An Interview with Roger Staubach

Dallas Cowboys Legend, successful businessman, former Ursuline father, and current Ursuline grandfather.  That description fits only one man: Roger Staubach.  He can now add Presidential Medal of Freedom Winner to the list.

Staubach is no stranger to receiving prestigious awards like his Heisman trophy and Super Bowl VI Most Valuable Player Award, but most of these have come from football achievements.  This award felt different.  It encompassed his time serving in the Navy, his successful football career, and the real estate firm he built.

“The medal is not just what I achieved.  It’s a combination of my life as far as my hard work and the people that supported me during the different parts of my life.  What I learned from sports had a lot to do with the Presidential Medal—it taught me the hard work, the perseverance, the teamwork that is just as important in business as it is in football.  I have the medal hanging here in my office right next to the Heisman trophy.  It really represents my business life, my athletic life, and also my military life,” Staubach said.

On November 16th, Staubach’s wife Marianne, their five children, and 15 grandchildren, including three current Ursuline students, accompanied Staubach to the White House to watch President Trump award the Hall of Fame quarterback with the Presidential Medal of Freedom.  Two weeks after his family’s exciting trip, Staubach took time to fill in the details of his exemplary life.

As a high schooler in Cincinnati, Ohio, in the early sixties, Staubach played baseball and football, but he did not play his signature position until his senior year when his coach decided to take a chance on him.  Without that coach’s influence, Staubach’s life may have gone in a completely different direction.

“Our coach in high school thought that the other guys [on the team] listened to me and that I had a good arm from playing baseball.  Through being a quarterback, I found my place and I really enjoyed being a leader and having a big role in the offense.  I don’t think we would be talking right now if I had stayed as a wide receiver,” Staubach said.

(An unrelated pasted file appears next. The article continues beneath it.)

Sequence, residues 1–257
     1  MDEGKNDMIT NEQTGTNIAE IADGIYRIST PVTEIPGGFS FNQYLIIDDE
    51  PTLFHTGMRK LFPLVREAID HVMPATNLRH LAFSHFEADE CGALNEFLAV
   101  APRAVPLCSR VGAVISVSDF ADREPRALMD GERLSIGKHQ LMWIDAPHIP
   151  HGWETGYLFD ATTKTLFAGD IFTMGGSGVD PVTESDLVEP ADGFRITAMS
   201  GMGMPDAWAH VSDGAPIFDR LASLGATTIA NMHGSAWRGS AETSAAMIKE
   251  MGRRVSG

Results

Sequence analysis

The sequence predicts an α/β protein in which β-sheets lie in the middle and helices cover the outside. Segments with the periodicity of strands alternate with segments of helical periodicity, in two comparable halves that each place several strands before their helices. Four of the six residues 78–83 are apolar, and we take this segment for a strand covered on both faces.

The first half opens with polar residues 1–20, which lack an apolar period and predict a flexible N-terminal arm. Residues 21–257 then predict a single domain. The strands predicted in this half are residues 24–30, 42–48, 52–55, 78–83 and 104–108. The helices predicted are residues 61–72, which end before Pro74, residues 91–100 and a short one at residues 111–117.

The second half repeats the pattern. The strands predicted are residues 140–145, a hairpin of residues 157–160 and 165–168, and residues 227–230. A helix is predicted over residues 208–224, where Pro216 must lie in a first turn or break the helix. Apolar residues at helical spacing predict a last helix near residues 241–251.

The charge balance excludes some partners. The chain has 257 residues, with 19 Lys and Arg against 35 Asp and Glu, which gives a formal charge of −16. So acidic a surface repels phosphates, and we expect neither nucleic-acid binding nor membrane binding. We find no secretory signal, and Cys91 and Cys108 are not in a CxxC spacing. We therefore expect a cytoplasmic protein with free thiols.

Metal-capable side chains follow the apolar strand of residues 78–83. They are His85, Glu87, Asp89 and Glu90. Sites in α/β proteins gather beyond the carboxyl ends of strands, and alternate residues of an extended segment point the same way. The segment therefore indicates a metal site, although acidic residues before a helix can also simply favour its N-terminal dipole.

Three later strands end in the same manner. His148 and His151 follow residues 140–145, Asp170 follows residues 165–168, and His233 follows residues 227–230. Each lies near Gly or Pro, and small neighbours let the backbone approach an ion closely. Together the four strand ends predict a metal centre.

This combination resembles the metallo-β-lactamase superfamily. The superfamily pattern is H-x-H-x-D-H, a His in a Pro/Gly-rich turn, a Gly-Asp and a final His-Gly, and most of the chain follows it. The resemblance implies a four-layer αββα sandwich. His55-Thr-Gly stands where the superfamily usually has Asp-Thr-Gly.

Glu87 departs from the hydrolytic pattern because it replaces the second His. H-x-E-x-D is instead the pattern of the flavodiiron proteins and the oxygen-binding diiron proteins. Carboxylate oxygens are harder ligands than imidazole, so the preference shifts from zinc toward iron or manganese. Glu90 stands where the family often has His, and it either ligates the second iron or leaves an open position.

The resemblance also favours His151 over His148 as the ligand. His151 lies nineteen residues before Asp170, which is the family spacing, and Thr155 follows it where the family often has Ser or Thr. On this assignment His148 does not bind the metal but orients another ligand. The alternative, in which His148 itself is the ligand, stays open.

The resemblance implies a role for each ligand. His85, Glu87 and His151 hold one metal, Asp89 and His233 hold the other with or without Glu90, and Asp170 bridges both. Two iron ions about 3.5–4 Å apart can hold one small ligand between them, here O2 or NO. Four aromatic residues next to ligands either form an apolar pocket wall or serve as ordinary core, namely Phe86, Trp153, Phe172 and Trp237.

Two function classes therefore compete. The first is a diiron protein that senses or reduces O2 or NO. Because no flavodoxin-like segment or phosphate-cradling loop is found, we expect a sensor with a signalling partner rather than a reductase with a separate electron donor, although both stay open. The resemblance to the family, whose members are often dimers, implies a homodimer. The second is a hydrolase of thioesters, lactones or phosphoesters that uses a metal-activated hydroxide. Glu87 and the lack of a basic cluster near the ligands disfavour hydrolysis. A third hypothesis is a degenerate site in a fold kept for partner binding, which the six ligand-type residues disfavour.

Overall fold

After playing quarterback in high school, Staubach was recruited by the Naval Academy.  He soon became the star of the Navy’s football team, breaking Navy records and winning the Heisman Trophy his junior year.

During Staubach’s time in college, former president and former Navy Lieutenant John F. Kennedy was in office.  Present at the Army-Navy game in 1962, Kennedy did the coin toss and visited the Navy locker room after the game to meet Staubach and the other players.

President Kennedy was set to do the coin toss for the Army-Navy game the following year, but tragedy struck the Friday before the game, and the president was assassinated in Dallas.  The game was almost called off.

“It was really one of the most memorable games I’ve ever played in because the game was played on behalf of the Kennedy family.  We really had a good year that year, and we ended up in a tough game against Army.  We won 21 to 15,” Staubach said.

As star Navy quarterback, Staubach appeared on the cover of Time magazine in October of 1963 and was set to appear on the cover of Life magazine as “the Houdini of the backfield” until the magazine pulled his cover at the last minute to print a special issue honoring John F. Kennedy after his death.

To Ursuline students, Staubach seems to have been right in the middle of history, especially since he served in the Vietnam War after graduating from college instead of immediately beginning his pro football career.  Staubach served as a logistics supply officer supporting the Marine Corps in the I Corp Area in South Vietnam.  At the time, his wife Marianne was not thrilled about him going overseas to war, but Staubach felt he had to serve.  He found returning home to be one of the most difficult parts.

“It became a very unpopular war and it wasn’t the troops at fault.  They were doing what their country asked them to do.  A lot of people protested and took it out on the troops, and I still remember how terrible that was.  The good news today is that I think a lot of people learned from that.  The men and women that are in the armed services are there to do what their country asks them to do and to protect this country,” Staubach said.